27 March 2010


If you're interested in seeing if there is a heraldic crest or shield for your surname, you may want to use books that describe these in the special language of heraldry. There used to be meaning in every color, every animal, every form of shield, and design.

25 March 2010


A Story of Courage, Community, and War
Viking Press
C 2006 Nathaniel Philbrick

After the Mayflower journeyed to what would be New England, other ships made the journey, including the Fortune.

124) "There were a large number of Strangers among the passengers, many of them single men who undoubtedly looked with distress at the noticeable lack of young women among the Pilgrims. With the arrival of the Fortune, there would be a total of sixty-six men in the colony and just sixteen women. For every eligible female there were six eligible men. For young girls such as fifteen year old Elizabeth Tilley, nineteen year old Pricilla Mullins, and fourteen-year-old Mary Chilton (all of them orphans). The mounting pressure to marry must have been intense, especially since the new arrivals tended to be, in Bradford's words, "lusty young men, and many of them wild enough." Adding to the potential volatility of the mix was the fact that there was no place to put them all. Bradford had no choice but to divide them up among the preexisting seven houses and four public buildings, some of which must have become virtual male dormitories..."

Guess whose ancestors arrived on this voyage? Future president Franklin Delano Roosevelt. His ancestors name was Philip de la Noye, whose French surname was changed to Delano...

24 March 2010


By MALCOLM RITTER, AP Science Writer Malcolm Ritter – Wed Mar 24, 3:35 pm ET

"NEW YORK – In the latest use of DNA to investigate the story of humankind, scientists have decoded genetic material from an unidentified human ancestor that lived in Siberia and concluded it might be a new member of the human family tree....The DNA doesn't match modern humans or Neanderthals, two species that lived in that area around the same time — 30,000 to 50,000 years ago."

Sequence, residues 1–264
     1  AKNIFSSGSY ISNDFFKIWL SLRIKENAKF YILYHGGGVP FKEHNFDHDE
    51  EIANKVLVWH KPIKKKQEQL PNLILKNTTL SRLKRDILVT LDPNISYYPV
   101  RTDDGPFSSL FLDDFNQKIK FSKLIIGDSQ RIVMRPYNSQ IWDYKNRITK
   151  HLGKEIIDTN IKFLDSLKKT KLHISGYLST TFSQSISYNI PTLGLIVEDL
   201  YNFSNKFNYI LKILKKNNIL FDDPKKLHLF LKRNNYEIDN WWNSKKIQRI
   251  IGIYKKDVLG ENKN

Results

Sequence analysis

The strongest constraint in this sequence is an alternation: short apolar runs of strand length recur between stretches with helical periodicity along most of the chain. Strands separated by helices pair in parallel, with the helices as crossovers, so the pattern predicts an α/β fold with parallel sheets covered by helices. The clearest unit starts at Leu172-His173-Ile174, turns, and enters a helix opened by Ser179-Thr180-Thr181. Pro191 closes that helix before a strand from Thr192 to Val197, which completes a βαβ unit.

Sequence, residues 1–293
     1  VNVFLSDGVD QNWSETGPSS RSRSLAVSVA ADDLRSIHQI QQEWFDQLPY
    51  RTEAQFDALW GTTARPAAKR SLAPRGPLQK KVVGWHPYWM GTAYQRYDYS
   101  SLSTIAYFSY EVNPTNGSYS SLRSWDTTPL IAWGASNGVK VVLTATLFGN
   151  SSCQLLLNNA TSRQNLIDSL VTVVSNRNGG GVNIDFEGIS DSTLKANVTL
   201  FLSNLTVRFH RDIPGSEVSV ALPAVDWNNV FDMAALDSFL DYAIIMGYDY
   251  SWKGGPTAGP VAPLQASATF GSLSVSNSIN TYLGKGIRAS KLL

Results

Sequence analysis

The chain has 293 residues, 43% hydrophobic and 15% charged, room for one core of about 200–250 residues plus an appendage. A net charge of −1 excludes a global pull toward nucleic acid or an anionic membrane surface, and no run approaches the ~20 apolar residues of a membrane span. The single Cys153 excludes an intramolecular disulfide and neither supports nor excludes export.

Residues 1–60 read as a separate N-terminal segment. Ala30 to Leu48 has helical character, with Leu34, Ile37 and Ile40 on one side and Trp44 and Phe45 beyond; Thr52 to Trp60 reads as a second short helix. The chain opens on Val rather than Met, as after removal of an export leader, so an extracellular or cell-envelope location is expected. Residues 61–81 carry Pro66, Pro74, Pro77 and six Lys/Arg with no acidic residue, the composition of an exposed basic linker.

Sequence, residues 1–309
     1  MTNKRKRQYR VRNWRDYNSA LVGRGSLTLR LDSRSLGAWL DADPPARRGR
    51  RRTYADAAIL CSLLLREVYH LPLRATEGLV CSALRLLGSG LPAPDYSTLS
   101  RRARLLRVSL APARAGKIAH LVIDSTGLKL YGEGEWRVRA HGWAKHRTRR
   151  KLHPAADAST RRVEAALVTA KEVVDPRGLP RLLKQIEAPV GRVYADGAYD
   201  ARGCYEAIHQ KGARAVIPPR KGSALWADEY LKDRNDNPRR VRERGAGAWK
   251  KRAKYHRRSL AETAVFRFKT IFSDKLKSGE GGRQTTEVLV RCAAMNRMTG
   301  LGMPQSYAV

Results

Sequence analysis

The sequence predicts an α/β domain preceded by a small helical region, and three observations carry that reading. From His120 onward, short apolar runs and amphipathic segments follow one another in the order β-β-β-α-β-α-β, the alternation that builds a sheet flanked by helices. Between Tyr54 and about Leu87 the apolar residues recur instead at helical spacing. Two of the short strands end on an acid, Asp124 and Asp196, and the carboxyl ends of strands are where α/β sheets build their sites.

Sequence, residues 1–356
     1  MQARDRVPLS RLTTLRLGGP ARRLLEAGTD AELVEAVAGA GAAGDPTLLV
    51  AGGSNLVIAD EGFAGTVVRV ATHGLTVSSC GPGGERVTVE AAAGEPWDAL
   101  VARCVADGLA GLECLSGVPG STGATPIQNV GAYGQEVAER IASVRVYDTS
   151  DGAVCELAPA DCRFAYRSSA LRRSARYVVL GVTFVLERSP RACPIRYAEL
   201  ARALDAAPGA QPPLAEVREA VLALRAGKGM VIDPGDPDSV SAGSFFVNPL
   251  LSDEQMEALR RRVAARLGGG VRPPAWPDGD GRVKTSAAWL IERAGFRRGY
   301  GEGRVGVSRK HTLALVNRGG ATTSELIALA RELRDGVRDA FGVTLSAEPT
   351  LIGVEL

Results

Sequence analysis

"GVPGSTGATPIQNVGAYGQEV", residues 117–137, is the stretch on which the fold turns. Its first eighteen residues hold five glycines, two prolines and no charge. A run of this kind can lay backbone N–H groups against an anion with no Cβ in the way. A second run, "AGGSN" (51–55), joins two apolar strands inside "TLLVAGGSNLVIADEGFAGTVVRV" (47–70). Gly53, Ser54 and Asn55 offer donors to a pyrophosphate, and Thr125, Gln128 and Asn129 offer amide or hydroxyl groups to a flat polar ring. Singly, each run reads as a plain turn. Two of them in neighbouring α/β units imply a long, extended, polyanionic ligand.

12 March 2010


A Story of Courage, Community, and War
Viking Press
C 2006 Nathaniel Philbrick

I love this writer's work. MAYFLOWER does not disappoint. This book will probably challenge the beliefs you've had aboout the Pilgrims since history was being taught in grade school.

The Pilgrims had been living in Holland and were concerned that their children were becoming too Dutch, rather than remaining English, so along with fleeing religious persecution they were making a second move for enthnocultural integrity. Even as the deals were made for transportation, non-believers were involved in the early colony. While about half of those who came to the eastern coast of what would be Massachusetts died the first year, they kept coming, and in about 50 years there were dozens of small settlements founded. Relationships with the Native Americans were never easy, because the neighboring tribes were interested in taking over each other's turf. Deals became rife with third party interests. And no the Pilgrims were not Pacifists.

If you can trace your ancestry to the Pilgrims you may find yourself related by marriage to a number of famous historical figures. Why?

Because (page 104), "A few weeks after Bradford's election to governor, Edward Winslow and Susanna White showed the rest of the settlement that it was indeed possible to start anew. Susanna had lost her husband, William, on February 21; Edward had lost his wife, Elizabeth, on March 24. Just a month and a half later, on May 12, Edward and Susanna became the first couple in Plymouth to marry. Six weeks may seem too short a time to grieve, but in the seventeenth century, it was quite normal for a widow or widower to remarry within three months of his or her spouse's death. Children needed to be cared for; households needed to be maintained. And besides, these were exceptional times. If all the deaths had failed to inure them to grief, it had certainly altered them to the wondrous necessity of life."